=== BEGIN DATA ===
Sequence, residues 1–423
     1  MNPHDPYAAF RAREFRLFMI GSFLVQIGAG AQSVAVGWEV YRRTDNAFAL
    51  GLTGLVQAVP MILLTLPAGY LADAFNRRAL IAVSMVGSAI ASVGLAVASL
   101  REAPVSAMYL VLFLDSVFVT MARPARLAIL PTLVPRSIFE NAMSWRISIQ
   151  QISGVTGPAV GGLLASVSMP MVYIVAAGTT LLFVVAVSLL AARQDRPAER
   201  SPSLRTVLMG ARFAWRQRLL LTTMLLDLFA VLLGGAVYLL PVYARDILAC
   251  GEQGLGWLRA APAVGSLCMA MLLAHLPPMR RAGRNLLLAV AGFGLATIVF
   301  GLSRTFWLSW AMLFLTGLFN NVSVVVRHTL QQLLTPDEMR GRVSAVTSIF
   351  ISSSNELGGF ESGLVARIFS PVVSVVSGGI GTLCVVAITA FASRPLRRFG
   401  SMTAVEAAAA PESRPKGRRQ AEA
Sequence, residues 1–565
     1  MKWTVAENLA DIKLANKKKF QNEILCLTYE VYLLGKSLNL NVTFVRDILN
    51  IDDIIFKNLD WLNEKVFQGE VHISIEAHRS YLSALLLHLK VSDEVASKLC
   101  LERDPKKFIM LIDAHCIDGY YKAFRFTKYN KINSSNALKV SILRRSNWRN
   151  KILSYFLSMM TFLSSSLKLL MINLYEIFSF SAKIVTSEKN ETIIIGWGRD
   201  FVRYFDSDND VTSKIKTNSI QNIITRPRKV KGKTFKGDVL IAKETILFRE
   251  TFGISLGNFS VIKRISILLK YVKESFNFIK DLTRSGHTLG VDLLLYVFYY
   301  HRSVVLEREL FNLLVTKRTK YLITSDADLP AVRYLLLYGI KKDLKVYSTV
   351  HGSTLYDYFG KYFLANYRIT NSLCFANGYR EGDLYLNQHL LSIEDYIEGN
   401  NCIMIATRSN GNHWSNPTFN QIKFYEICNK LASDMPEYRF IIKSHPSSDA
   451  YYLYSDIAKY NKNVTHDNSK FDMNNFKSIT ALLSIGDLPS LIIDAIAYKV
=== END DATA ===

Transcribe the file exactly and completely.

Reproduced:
Sequence, residues 1–423
     1  MNPHDPYAAF RAREFRLFMI GSFLVQIGAG AQSVAVGWEV YRRTDNAFAL
    51  GLTGLVQAVP MILLTLPAGY LADAFNRRAL IAVSMVGSAI ASVGLAVASL
   101  REAPVSAMYL VLFLDSVFVT MARPARLAIL PTLVPRSIFE NAMSWRISIQ
   151  QISGVTGPAV GGLLASVSMP MVYIVAAGTT LLFVVAVSLL AARQDRPAER
   201  SPSLRTVLMG ARFAWRQRLL LTTMLLDLFA VLLGGAVYLL PVYARDILAC
   251  GEQGLGWLRA APAVGSLCMA MLLAHLPPMR RAGRNLLLAV AGFGLATIVF
   301  GLSRTFWLSW AMLFLTGLFN NVSVVVRHTL QQLLTPDEMR GRVSAVTSIF
   351  ISSSNELGGF ESGLVARIFS PVVSVVSGGI GTLCVVAITA FASRPLRRFG
   401  SMTAVEAAAA PESRPKGRRQ AEA
Sequence, residues 1–565
     1  MKWTVAENLA DIKLANKKKF QNEILCLTYE VYLLGKSLNL NVTFVRDILN
    51  IDDIIFKNLD WLNEKVFQGE VHISIEAHRS YLSALLLHLK VSDEVASKLC
   101  LERDPKKFIM LIDAHCIDGY YKAFRFTKYN KINSSNALKV SILRRSNWRN
   151  KILSYFLSMM TFLSSSLKLL MINLYEIFSF SAKIVTSEKN ETIIIGWGRD
   201  FVRYFDSDND VTSKIKTNSI QNIITRPRKV KGKTFKGDVL IAKETILFRE
   251  TFGISLGNFS VIKRISILLK YVKESFNFIK DLTRSGHTLG VDLLLYVFYY
   301  HRSVVLEREL FNLLVTKRTK YLITSDADLP AVRYLLLYGI KKDLKVYSTV
   351  HGSTLYDYFG KYFLANYRIT NSLCFANGYR EGDLYLNQHL LSIEDYIEGN
   401  NCIMIATRSN GNHWSNPTFN QIKFYEICNK LASDMPEYRF IIKSHPSSDA
   451  YYLYSDIAKY NKNVTHDNSK FDMNNFKSIT ALLSIGDLPS LIIDAIAYKV